It only took ten years until Americans saw another divided election. In 1888 Indiana Republican Benjamin Harrison sought to unseat the Democratic President Grover Cleveland. Few issues divided Republicans from Democrats at the time, so the election centered on the sticky issue of the tariff. Democrats favored a low tariff while Republicans favored a high one, and during the election a scandal of sorts erupted when the public got whiff of apparent British interventions and influence in the election over tariff negotiations. The hint that the British backed Cleveland alienated the Irish in New York, costing Cleveland the support of New York, his home state. In the electoral vote, Harrison soundly beat Cleveland with 233 votes to 168. But Harrison came up short in the popular vote, winning 47.9% of it to Cleveland’s 48.6%.

Harrison won the presidency and the GOP took control of all branches of government viewing their win as a mandate. Among other issues, they passed the highest tariff in American history to date. This resulted in GOP mid-term election setbacks. They lost the House to Democrats and reduced their majority hold of the Senate. Then, in the 1892 presidential election, Harrison and Cleveland faced each other again — and again the main issue was the tariff — but this time Cleveland regained the White House while the Populist reform movement among farmers, labor, and reformers began developing rapidly.

The fourth divided election, as we all know, was the 2000 George W. Bush versus Al Gore election in which Gore won the popular vote by 542,179 yet lost the electoral vote 271 to 266 given voting irregularities in Florida and the intervention of the Supreme Court in the recount. The results were a GOP president embracing big government, insurgent war, playing on the politics of fear, while focusing on energizing his base by stressing social and “moral” issues, such as opposition to gay marriage. By the 2006 off-year elections, as Bush became more and more unpopular given his failing wars, the Democrats won big and Barack Obama began his political ascent.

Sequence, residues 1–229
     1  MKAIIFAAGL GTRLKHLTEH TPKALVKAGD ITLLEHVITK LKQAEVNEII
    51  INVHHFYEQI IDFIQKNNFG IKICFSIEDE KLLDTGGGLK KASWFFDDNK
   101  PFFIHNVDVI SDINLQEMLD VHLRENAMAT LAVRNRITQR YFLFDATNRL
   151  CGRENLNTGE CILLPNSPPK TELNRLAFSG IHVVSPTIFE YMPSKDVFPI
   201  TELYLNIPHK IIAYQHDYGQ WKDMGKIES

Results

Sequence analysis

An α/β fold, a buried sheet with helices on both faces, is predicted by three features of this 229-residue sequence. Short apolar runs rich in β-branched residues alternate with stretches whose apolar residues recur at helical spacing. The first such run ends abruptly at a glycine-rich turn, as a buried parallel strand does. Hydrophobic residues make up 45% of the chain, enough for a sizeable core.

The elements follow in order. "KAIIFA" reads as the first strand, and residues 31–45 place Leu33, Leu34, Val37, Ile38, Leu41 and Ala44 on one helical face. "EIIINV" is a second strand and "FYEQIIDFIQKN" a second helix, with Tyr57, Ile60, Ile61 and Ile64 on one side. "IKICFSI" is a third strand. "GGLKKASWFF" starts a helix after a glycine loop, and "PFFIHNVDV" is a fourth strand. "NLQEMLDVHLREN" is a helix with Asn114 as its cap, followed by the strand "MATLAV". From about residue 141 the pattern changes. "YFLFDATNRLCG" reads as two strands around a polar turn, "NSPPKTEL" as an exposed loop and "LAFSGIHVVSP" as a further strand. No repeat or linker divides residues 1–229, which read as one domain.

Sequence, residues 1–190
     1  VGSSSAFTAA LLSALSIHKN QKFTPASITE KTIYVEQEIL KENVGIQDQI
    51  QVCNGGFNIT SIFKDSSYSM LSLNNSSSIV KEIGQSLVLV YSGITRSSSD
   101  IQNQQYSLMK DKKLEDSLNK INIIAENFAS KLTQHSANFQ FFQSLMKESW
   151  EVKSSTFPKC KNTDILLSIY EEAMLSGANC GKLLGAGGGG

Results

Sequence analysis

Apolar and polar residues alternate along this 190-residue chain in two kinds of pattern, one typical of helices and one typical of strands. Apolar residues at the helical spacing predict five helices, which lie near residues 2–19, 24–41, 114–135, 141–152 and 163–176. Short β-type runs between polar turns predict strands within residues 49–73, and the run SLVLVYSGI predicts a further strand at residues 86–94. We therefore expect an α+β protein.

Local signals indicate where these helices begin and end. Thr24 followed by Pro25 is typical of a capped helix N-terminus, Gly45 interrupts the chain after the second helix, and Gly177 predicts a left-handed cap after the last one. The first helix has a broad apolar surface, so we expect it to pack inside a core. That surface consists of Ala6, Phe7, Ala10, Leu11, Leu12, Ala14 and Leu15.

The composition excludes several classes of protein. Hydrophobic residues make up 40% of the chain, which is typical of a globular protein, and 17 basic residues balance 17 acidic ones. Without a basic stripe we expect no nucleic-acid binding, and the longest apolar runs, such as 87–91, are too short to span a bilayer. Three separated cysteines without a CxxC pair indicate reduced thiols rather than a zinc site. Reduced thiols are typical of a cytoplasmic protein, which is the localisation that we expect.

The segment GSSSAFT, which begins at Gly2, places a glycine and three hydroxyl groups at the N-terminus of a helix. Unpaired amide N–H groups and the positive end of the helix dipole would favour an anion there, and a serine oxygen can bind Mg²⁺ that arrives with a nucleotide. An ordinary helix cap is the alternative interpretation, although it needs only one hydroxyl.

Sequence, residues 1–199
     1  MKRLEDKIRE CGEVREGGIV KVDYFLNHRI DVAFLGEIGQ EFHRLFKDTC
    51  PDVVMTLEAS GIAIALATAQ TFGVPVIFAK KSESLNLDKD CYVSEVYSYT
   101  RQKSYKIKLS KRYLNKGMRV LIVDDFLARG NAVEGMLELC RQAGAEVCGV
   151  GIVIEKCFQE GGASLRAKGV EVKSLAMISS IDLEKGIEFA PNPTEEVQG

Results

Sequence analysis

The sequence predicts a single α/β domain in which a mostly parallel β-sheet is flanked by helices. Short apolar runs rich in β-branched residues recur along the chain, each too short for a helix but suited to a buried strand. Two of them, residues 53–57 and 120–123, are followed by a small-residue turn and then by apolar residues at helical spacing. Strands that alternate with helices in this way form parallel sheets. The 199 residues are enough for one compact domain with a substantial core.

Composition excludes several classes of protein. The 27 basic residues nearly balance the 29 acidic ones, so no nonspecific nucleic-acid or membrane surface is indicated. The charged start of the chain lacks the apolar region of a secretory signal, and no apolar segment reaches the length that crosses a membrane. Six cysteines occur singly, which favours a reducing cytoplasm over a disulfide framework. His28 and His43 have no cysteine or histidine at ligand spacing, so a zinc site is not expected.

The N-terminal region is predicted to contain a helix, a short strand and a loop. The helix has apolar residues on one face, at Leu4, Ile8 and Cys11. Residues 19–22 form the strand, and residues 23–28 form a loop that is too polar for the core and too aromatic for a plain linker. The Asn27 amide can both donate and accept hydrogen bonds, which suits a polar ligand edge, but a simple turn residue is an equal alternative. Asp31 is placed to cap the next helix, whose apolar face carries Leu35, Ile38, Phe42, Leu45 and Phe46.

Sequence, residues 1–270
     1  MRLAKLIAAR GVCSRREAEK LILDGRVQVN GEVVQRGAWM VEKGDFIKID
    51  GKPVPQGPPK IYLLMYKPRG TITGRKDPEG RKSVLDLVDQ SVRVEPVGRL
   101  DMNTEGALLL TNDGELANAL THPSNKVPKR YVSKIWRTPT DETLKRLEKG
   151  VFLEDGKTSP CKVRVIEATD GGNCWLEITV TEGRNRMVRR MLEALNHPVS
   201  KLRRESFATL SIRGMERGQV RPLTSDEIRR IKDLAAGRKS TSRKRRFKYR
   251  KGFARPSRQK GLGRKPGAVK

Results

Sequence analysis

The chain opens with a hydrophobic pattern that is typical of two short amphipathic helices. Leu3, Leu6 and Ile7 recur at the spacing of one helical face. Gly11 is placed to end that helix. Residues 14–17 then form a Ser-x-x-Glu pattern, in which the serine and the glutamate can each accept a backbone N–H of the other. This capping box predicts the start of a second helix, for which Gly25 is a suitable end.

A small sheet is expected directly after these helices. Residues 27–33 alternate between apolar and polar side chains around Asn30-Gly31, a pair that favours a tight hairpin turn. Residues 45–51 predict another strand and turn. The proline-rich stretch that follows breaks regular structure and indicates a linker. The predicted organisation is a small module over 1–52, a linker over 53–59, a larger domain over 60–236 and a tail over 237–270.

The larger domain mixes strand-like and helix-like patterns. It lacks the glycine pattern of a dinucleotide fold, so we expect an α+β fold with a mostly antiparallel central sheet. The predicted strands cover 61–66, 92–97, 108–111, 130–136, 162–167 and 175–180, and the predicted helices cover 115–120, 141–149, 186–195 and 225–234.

So what’s in store for President Donald Trump? He lost the popular vote, and led a campaign based on sexism, racism, misogyny, Islamophobia, and xenophobia. Can Trump unite Americans or has he irreparably divided them? Trump has promised to improve American infrastructure, like John Quincy Adams, but can he, and will the GOP, deliver? Trump’s voters reacted negatively to the advancement of civil rights, so will those decades-long efforts see a setback like in 1877? Trump has broken with the GOP over free trade and torpedoed the Trans-Pacific Partnership, so where will we stand on issues of trade versus protectionism? Finally, given our recent history of endless wars, while Trump proclaimed himself the most militant person ever, where will this lead us? All of these questions, of course, remain unanswered but history tells us that divided presidential election results typically lead to chaotic political results. Will this pattern hold? Only time will tell.